An oral syringe is used to dispense liquid medicine into the mouth. It’s made up of three main parts: a straw like stopper, the barrel or body and the plunger; some oral syringes also have a cap that fits on the tip of the barrel. An oral syringe has measurement markings on its barrel. It looks almost identical to a hypodermic syringe used to inject medicine under the skin, but uses no needle. Instead, oral syringes have an opening that allows liquid medications to be dispensed into the mouth.
Oral syringes are most often used to administer liquid medicine to babies, children and pets. Pills may be spat out, choked on or chewed rather than swallowed. Placing the oral medication on a spoon is another option, but when this method is used, it’s easy for the medicine to be spilled. An oral syringe contains and directs liquid medicine much better than a spoon.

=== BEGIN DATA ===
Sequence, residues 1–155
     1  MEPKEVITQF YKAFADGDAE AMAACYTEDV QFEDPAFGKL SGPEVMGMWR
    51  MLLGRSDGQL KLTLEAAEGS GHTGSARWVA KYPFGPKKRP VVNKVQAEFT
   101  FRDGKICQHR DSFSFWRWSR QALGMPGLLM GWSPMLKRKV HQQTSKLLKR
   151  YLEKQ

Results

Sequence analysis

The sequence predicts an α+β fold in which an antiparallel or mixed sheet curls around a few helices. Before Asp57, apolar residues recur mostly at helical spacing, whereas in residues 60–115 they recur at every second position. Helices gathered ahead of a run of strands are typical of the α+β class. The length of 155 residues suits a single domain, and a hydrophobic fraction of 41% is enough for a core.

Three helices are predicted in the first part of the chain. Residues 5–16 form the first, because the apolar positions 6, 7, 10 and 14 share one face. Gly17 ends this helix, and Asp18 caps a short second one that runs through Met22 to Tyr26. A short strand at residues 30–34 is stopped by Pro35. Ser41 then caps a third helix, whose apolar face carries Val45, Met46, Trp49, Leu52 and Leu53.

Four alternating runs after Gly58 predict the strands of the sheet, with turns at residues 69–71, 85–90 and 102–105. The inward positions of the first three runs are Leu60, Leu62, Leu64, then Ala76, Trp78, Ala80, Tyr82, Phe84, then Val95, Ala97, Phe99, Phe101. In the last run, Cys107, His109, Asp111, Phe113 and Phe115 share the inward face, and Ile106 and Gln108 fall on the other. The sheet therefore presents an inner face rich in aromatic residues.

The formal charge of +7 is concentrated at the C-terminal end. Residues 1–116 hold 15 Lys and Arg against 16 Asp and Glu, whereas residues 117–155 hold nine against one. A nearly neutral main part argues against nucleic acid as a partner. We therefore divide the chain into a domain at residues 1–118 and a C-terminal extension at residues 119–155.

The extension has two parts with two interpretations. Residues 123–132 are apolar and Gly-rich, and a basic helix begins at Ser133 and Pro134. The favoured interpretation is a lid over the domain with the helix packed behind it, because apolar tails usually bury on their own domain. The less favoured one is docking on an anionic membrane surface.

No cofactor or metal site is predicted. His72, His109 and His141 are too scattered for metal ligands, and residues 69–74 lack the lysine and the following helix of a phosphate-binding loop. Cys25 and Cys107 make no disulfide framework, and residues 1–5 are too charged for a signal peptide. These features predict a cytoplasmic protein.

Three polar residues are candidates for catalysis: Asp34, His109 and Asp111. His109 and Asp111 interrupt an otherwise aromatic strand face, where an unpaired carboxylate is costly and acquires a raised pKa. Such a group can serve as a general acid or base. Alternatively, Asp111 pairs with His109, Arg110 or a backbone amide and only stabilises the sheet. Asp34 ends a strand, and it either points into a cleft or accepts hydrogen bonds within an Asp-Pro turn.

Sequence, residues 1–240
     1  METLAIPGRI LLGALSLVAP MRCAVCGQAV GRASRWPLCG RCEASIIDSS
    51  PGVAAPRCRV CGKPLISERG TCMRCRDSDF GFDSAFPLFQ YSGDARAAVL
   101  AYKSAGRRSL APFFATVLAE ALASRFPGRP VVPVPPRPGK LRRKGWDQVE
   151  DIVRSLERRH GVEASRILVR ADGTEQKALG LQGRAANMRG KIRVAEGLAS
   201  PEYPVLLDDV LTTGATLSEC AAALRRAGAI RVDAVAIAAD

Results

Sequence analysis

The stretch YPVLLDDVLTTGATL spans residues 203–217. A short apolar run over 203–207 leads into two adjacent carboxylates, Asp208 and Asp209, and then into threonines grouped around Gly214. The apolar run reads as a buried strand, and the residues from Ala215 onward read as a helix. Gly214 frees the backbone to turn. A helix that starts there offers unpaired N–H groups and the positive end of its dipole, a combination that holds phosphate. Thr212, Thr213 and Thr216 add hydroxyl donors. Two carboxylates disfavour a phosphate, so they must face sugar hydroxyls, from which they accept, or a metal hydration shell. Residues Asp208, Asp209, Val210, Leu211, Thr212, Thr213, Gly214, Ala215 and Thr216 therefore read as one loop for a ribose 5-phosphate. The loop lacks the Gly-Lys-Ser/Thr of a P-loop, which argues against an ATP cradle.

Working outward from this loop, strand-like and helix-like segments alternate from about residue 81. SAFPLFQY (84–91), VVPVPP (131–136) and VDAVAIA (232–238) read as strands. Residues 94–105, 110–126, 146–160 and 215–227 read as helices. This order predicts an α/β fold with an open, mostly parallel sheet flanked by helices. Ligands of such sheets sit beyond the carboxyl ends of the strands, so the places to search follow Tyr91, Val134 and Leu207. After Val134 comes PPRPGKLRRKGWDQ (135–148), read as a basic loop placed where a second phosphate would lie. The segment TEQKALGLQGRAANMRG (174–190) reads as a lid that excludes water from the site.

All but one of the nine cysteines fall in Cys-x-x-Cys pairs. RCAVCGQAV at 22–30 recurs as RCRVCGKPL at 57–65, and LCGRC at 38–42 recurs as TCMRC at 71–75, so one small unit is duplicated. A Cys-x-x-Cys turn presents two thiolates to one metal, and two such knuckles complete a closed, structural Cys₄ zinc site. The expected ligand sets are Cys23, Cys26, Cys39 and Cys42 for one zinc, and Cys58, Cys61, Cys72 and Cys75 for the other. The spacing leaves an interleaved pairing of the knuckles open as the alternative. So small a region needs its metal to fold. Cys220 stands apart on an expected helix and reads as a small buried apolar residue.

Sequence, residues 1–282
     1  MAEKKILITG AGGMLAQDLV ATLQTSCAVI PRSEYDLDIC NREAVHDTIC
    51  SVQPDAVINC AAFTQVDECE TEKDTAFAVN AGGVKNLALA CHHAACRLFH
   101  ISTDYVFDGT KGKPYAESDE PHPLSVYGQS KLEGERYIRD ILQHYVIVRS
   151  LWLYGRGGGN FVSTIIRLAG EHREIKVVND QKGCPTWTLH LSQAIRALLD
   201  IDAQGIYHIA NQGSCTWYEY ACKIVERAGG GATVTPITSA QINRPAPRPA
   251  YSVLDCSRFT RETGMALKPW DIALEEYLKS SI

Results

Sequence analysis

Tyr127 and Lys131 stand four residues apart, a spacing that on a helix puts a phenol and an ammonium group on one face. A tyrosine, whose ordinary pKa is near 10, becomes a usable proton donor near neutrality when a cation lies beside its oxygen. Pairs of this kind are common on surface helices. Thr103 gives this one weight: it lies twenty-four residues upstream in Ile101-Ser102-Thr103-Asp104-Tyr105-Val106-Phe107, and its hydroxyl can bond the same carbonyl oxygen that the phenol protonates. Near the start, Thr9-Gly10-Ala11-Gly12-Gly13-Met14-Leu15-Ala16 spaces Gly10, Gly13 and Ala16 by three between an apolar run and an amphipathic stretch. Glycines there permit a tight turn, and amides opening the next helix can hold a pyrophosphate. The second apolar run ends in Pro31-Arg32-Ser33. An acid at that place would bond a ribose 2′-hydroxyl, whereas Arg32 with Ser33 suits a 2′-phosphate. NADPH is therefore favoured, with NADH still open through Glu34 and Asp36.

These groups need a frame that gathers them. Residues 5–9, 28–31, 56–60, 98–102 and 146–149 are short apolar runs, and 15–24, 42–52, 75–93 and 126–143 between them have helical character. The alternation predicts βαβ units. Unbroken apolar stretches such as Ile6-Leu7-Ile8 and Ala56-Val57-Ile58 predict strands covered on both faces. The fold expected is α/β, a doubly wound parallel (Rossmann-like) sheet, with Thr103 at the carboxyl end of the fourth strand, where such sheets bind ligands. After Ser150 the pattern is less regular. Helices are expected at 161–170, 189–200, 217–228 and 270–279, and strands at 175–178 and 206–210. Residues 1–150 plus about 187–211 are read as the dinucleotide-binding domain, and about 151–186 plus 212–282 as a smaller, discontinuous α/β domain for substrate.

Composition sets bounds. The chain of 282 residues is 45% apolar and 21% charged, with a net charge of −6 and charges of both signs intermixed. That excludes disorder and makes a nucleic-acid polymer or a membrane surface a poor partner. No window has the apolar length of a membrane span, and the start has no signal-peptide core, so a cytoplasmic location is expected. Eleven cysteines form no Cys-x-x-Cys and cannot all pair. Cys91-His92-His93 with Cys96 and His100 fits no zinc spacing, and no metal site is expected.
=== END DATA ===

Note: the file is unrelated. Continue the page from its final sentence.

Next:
To administer oral medication, the stopper is pushed into the top of the medicine bottle. The end of the oral syringe is then placed into the end of the stopper. When the bottle of liquid medication is turned upside down, the plunger is pulled back to allow the medicine to fill the syringe. The dosage amount dictates how much the plunger is pulled back.
The medicine bottle is then turned right side up and the oral syringe removed by holding the barrel. The dose of liquid medication is ready to administer by pressing down on the plunger. It’s important to direct the tip of the syringe toward the cheek rather than the back of the mouth or down the throat. Otherwise, the person or pet may choke.
An oral syringe should be washed in warm water after use and left to air dry completely. Making sure to administer the correct dosage is crucial when using oral syringes. Since the syringe’s measurement markings may be easily misread by the person administering the medicine, especially when the plunger is being pulled to the dosage amount, it’s a good idea to use a marking pen to indicate the correct filling line. A pharmacist will usually do this for customers when filling their prescriptions for oral medication.